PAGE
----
Adam Broadway has succeeded where so many have failed – he has logged his life and times as an observer of gigs and has crystalised not only the specific goings-on on stage but also captured the zeitgeist of the time. The good, the bad, the ugly and the unwritten laws governing how audiences and bands alike behave are detailed in his tremendous book, Down the Front, which we cannot speak more highly of. Here’s an extract for your delectation:
My Toyah gig was gig number six. I was trying to learn fast the tricks of this new craze.
As the gig was in February I had arrived nicely wrapped up in my Arthur Daley coat… stylish, hey! Anxious about getting the last train and not wanting it nicked, I decided to keep my lovely warm coat on. Sensible, I reckoned. What I hadn’t thought through was that pogoing around a crowded venue with my muso pals meant I would get hot. Very hot. By the fourth track I was sweating profusely. But I was in a good position and enjoying the gig. I wasn’t going to move, and certainly not back to the cloakroom. Then I did the classic. I turned to the guy next to me and, feeling full of gig confidence, ‘great gig. It ain’t ’alf ’ot though,’ I said naively in some fabricated London accent. ‘Well take your coat off then!’ he replied rather sensibly. He didn’t say it but I knew exactly what he thought. ‘Prat!’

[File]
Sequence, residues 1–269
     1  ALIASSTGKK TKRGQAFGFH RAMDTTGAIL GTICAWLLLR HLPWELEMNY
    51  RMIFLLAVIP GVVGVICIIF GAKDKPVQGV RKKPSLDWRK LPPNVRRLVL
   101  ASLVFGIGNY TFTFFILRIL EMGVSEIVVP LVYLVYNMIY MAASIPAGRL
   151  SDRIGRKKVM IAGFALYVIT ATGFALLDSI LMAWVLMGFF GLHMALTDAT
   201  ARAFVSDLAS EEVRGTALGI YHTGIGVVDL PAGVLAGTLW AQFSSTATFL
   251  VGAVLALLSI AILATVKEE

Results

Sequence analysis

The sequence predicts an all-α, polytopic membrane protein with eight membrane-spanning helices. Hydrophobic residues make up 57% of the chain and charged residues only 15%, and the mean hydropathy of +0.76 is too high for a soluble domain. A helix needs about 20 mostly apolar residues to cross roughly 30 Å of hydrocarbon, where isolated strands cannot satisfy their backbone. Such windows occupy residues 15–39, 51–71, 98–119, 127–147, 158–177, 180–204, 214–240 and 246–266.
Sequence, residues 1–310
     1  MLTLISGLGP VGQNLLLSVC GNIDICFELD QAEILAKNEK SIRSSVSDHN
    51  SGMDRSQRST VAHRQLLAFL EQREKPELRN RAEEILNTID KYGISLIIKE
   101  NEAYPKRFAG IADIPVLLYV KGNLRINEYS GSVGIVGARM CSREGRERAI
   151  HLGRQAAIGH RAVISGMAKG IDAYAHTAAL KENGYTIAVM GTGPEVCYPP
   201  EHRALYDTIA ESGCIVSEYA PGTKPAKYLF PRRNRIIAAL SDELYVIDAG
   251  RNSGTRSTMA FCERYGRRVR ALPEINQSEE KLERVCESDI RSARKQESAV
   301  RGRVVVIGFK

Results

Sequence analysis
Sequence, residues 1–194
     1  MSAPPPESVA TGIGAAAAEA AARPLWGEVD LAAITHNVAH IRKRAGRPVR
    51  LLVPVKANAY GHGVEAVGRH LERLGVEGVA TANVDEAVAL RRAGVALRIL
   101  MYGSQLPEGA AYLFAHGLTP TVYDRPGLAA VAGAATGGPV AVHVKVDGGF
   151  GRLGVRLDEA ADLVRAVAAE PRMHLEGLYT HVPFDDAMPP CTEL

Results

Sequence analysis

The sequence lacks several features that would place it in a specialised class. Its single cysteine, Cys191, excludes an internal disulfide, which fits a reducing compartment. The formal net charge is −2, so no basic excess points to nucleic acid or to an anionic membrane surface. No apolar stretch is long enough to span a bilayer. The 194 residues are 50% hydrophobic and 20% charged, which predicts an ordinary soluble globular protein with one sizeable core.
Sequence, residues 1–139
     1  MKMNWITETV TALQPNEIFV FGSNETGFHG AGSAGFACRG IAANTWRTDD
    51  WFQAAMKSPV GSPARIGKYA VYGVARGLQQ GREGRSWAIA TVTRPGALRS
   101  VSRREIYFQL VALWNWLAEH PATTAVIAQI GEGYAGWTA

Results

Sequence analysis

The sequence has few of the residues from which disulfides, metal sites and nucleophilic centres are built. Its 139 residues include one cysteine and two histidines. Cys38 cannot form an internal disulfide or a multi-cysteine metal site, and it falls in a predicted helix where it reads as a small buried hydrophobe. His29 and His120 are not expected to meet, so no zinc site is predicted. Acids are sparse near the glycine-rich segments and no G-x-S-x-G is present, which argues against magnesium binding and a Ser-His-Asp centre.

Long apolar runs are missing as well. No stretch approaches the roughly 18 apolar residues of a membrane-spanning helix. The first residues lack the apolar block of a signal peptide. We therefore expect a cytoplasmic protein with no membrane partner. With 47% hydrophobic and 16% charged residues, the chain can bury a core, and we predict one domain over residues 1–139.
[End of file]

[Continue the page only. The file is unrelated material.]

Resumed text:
Toyah signed off with a screaming ‘Ieya’ and the crowd went mental. Gig over, Rob and I pegged it out of the venue and charged off to the tube. I was still in my sheepskin coat and now drenched. We crossed the busy Seven Sisters Road and headed along the foot tunnel down to the tube. The tiled walls were dark yellow, dripping with years of tobacco smoke. You could smoke on the tube and virtually everywhere at this time. I remember hearing a cry down the tunnel after us. ‘Oi!’ We didn’t look back. We just ran for our train, and once on board we looked at each other, smiled and said ‘Great gig.’
Learn how to get your copy of Adam Broadway’s Down the Front here